irector Makoto Shinkai’s achingly gorgeous animated feature was a worldwide smash last year, but it only opened in the States this spring. Shinkai’s strange, poignant body-swap tale—about a city boy and a country girl who are cosmically linked somehow—is as sweet and magical as a first kiss. (A good first kiss, anyway.) This is a beautiful masterpiece about time, the thread of fate, and the hearts of two young souls. High schoolers Mitsuha and Taki are complete strangers living separate lives miles apart. But one night, they suddenly switch places. Mitsuha wakes up in Taki's body, and he in hers. This bizarre occurrence continues to happen randomly, and the two must adjust their lives around each other. Yet, somehow, it works. They build a connection and communicate by leaving notes, messages, and more importantly, an imprint. When a dazzling comet lights up the night's sky, something shifts, and they seek each other out wanting something more-a chance to finally meet. But try as they might, something more daunting than distance prevents them. Is the string of fate between Mitsuha and Taki strong enough to bring them together, or will forces outside their control leave them forever separated?Your Name is wistful and full of wonder, a dreamy tearjerker that is blissfully transporting. If you don’t spend several hours afterwards contemplating the many possible ways in which your life may have been impacted by the life of someone you don’t even know living miles away from you, I don’t know what to tell you.

9.) OJKA
It’s a bonkers corporate satire starring Tilda Swinton, a brave little Korean girl, and a giant superpig. ‘Nough said. Need more? Fine. Okja is a rare breed of movie: It boasts a multi-hemispheric setting and cast, extended use of two languages (Korean and English), and the distinction of combining action, arthouse, and political satire in one funny, biting, disturbing, often kind of adorable package. The movie ruffled some feathers (and resulted in a policy change) as part of a Netflix controversy at the prestigious Cannes Film Festival this year, and it will probably ruffle a few more as it becomes more widely available, since the film is every bit as weird — and, on the whole, as wonderful — as you’d expect from Bong Joon-Ho, the director of Snowpiercer and The Host. At its core, Okja is a movie about the horrors of factory farming, and sometimes it turns into a horror film to make its case. But it’s also skewering the absurd ways in which corporations co-opt the language of environmental and localist movements to reel in consumers. The result is kind of a masterclass in how vocabulary can be twisted for insidious ends.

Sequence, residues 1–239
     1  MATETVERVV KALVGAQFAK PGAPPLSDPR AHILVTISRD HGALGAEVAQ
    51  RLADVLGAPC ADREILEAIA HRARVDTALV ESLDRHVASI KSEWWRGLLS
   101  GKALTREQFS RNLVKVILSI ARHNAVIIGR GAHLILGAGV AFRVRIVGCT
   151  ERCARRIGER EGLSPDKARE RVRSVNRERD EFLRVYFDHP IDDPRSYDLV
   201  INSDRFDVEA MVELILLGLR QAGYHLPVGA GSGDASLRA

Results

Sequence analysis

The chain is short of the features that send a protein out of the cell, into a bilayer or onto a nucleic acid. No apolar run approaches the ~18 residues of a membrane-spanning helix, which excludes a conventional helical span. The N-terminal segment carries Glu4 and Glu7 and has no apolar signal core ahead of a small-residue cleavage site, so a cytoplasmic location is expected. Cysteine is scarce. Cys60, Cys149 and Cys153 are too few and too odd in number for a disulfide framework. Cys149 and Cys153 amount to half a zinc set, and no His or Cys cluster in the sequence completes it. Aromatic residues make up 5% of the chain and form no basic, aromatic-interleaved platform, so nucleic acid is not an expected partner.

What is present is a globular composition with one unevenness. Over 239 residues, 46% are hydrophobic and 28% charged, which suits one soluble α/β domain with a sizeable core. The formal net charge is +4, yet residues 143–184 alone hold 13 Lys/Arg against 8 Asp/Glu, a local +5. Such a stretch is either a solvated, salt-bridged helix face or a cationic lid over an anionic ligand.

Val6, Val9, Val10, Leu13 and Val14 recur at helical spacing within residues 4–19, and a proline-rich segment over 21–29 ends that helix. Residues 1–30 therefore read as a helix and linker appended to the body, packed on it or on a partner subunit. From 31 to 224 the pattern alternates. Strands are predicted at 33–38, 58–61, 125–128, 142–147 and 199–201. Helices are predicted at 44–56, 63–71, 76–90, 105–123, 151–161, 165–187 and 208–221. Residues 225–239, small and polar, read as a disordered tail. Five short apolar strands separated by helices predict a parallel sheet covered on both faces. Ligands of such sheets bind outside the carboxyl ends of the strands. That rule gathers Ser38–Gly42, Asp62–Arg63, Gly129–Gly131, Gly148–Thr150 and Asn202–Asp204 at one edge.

10.) RAW
Everyone in Justine's family is a vet. And a vegetarian. At sixteen she's a brilliant student starting out at veterinary school where she experiences a decadent, merciless and dangerously seductive world. Desperate to fit in, she strays from her family principles and eats RAW meat for the first time. Justine will soon face the terrible and unexpected consequences as her true self begins to emerge... Raw's lurid violence and sexuality live up to its title, but they're anchored with an immersive atmosphere and deep symbolism that linger long after the provocative visuals fade. Directed by Lulia Ducornau

Meanwhile at the bottom....
Now as for the bottom of the popcorn box, this year had its fair share of stinkers. Here are the major offenders:

Written by the Coen brothers. Directed and starring George Clooney. How could that pedigree possibly go wrong. It did. A major misfire.

The Great Wall
A U.S.- China co-production. A huge budget and a Hollywood star ( Matt Damon ) did nothing to make this just a glorified monster movie. From director Zhang Yimou who has been nominated three times in the past for the best foreign film Oscar, sets his career back about ten years with this film.

The Mummy
Universal's planned Dark Universe franchise is, for all intents and purposes, one and done. If you like incomprehensible collections of things that vaguely resemble other things you might've enjoyed in the past, The Mummy is the movie for you.

Justice League
A great year for comic books movies. Except this one. Dull. Deadly dull. This movie faded from my mind as the houselights were coming up in the theater. No stakes. No plot. No fun.

Hear Bocepheus, Rod Flash and Yours Truly discuss their Top Ten lists (30 films in total) on Episode 58 of The Alternate Reality Podcast....



Discussion of the Top 10 Films of 2017